Whether the defect is congenital or acquired, plastic surgeons can usually restore comfort, mobility, and normal appearance to patients with hand problems. Acquired defects include carpal tunnel and other painful conditions caused by pressure on the nerves (usually at the wrist or elbow); trigger fingers, a condition caused by swelling of a flexor tendon in the hand; ganglion cysts, a benign cystic growth and scar contracture which occurs when a wound or burn on the hand heals poorly and forms scar tissue that curls the fingers or restricts mobility. Dupuytren's disease causes a similar problem of hand contracture.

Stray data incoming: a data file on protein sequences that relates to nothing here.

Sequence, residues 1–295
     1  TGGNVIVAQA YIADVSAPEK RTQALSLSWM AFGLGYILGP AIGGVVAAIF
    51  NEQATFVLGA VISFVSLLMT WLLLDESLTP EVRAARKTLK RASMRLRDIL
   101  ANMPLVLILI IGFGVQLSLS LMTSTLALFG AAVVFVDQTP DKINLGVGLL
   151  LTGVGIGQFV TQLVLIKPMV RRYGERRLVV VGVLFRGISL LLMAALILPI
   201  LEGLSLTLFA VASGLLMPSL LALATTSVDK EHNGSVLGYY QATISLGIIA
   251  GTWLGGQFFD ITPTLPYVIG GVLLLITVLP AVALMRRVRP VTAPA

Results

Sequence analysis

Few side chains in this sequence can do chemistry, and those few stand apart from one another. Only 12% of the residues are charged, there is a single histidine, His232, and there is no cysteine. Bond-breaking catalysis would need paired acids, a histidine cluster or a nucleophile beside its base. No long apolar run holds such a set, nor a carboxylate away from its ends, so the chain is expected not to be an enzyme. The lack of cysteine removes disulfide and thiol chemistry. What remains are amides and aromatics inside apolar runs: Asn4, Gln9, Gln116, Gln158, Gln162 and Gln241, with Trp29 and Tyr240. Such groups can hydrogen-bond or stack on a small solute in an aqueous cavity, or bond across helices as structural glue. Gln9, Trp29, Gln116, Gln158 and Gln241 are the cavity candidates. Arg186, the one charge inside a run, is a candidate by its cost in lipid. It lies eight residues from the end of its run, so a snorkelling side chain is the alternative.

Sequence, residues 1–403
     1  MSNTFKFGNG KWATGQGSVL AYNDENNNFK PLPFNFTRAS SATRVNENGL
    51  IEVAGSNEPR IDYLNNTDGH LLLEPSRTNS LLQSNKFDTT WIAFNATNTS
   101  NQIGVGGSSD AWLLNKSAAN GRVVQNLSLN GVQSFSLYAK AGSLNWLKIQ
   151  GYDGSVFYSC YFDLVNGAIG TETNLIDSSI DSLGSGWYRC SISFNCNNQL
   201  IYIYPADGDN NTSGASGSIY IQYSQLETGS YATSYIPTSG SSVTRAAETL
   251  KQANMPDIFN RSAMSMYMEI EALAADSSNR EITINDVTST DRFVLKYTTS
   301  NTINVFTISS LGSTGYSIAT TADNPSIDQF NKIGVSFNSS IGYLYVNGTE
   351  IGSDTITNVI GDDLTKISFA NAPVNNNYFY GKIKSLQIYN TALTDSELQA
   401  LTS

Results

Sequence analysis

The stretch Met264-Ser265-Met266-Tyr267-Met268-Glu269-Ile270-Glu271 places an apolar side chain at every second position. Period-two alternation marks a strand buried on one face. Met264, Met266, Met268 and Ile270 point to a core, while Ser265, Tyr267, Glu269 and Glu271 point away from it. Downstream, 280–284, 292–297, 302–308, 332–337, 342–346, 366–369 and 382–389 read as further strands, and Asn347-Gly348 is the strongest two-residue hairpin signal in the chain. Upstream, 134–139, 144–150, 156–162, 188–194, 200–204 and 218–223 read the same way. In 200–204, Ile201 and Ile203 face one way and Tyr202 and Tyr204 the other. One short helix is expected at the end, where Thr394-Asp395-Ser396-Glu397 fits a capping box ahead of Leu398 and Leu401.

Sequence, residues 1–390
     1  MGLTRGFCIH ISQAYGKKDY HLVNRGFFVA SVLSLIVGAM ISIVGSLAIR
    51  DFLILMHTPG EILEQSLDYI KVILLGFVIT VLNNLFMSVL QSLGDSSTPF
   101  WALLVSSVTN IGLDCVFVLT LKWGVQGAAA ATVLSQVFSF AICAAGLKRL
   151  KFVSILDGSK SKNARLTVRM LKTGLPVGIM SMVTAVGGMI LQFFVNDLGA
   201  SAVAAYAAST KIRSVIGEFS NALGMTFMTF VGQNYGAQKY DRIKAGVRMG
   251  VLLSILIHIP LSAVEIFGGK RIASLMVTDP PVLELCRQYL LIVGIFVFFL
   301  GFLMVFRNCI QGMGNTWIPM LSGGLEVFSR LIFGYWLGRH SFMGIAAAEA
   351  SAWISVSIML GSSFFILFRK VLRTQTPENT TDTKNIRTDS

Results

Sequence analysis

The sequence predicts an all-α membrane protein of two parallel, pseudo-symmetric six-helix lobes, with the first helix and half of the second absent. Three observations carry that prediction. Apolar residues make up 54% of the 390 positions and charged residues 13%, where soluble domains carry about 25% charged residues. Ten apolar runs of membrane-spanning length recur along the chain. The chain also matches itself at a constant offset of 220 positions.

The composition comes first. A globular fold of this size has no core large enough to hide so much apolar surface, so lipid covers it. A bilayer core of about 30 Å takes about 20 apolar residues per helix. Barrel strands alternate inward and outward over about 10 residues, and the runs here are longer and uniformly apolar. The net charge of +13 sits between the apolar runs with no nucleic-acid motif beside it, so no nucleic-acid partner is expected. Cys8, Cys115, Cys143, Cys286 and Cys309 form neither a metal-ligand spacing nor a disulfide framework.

Children born with syndactyly (webbed fingers) can benefit from finger separation, where a zig-zag-type incision separates the fingers and rearranges the tissue between them, preventing growth deformities. If a child has polydactyly (extra fingers), correction is often more than simply removing the extra digits. The surgeon may also need to balance the tendons of the hand and stabilize the remaining finger joints so that the hand functions as normally as possible. Plastic surgeons also reconstruct missing digits, including the thumb, which supplies half of the hand's function.